DY: We launched about six months ago in Honduras, Nicaragua, and Panama. And since then have digitized over 9 million units of different medical supplies, as well as reduced the supply expiration rate—which is what initially spurred my observation—reduced that rate by over 90%. So we’ve really had a big impact on this organization and helped them be more effective. And since then have actually focused on expanding to new organizations. And in fact just two weeks ago closed a contract with a new multi-national NGO that’s opening clinics in Liberia to fight Ebola, and we’re doing the essential supply tracking, as well as the disease reporting for them
CM: So they would ask like how many are sick and then they would report it?
DY: Yeah, so the little prompt is like you know, “How many of confirmed cases of Ebola did you see today? How many suspected cases of Ebola did you see today?” And then they just hit in the number.
CM: Is it already being used or going to be used later?
DY: It’s launching next week.
CM: You dropped out of school to focus on the company right?
DY: I did. So when I first started working on it I was in my second year—that was two years ago. And as I said we were still in a very early stage. We actually entered into the…there was a Social New Venture Challenge, which is a competition put on at Booth and we’d entered that. And after fall quarter I actually decided to take a leave of absence to focus full time on it. Because, I don’t know, I mean I saw the potential behind what we were doing but also recognized that in order to really kind of take it forward, there needed to be a greater level of commitment.
CM: Do you think you’d come back to the University?
DY: Well, you know what I tell people is you know I don’t have any plans to come back anytime in the near future. I think you know with what we’re doing, there’s a lot of momentum and there’s still lots of opportunities for us to grow and have an impact with what we’re doing. But you know certainly down the road, if at any particular point the next best step is going back to school, then sure.
CM: Is there something you see Relief Watch doing in the future? Are you looking for ways to expand it to different areas—or what is your vision?
DY: So right now Relief Watch is focused on working with multi-national NGOs, that being said still the largest providers of health in the developing world are government health ministries. So kind of our medium term goal is to be able to integrate with actual government health systems in the developed world as well, though there’s obviously a lot of bureaucracy that goes into that. So what we figure is that for now focusing on developing these relationships with NGOs that work on the ground and from there being able to leverage those relationships to connect with the national health ministries as well.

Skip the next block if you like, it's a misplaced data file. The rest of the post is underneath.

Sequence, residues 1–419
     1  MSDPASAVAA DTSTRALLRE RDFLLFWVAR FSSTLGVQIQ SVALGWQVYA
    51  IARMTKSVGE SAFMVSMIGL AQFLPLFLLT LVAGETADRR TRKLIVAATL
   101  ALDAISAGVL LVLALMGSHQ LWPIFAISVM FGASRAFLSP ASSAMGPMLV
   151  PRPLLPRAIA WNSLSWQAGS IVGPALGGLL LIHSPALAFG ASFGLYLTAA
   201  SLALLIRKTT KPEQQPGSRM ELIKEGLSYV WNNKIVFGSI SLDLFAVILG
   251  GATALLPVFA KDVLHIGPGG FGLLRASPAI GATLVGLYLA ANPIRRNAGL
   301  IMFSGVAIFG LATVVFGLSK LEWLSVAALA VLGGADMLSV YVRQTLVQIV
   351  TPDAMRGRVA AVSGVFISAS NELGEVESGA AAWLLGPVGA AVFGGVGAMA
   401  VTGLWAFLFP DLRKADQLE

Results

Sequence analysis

CM: So who are the people that you recruited to help you work on this project when you first started?
DY: So when we were first starting, the team was actually entirely UChicago undergrad students. So you know when we were first getting going, you know it was all full-time undergrads, myself included. But what actually happened was that when things kind of matured and we got our first contract, we kind of had to transition away from being a student team to something that was a little bit more, I guess, developed. In the sense of – you know there definitely reaches a point with an idea, with a start-up idea where you know you can’t just treat it like an extracurricular activity, right? It becomes sort of an all-consuming ordeal. I mean hopefully you don’t see it that way, but for me, I had actually already dropped out of school at that point and nobody else on the team had kind of stepped up in that way… so I ended up kind of branching out and finding new people, mostly UChicago affiliated people, alumni and a couple of others to fill out the team that we have now.
CM: Are you based in Chicago?
DY: Yeah, so we’re currently part of a program called Impact Engine, which is a program specifically for mission-driven companies. We’re based downtown at the merchandise mart in the 1871 entrepreneurship center space. So yeah, downtown there, every day.
This interview has been condensed and edited for clarity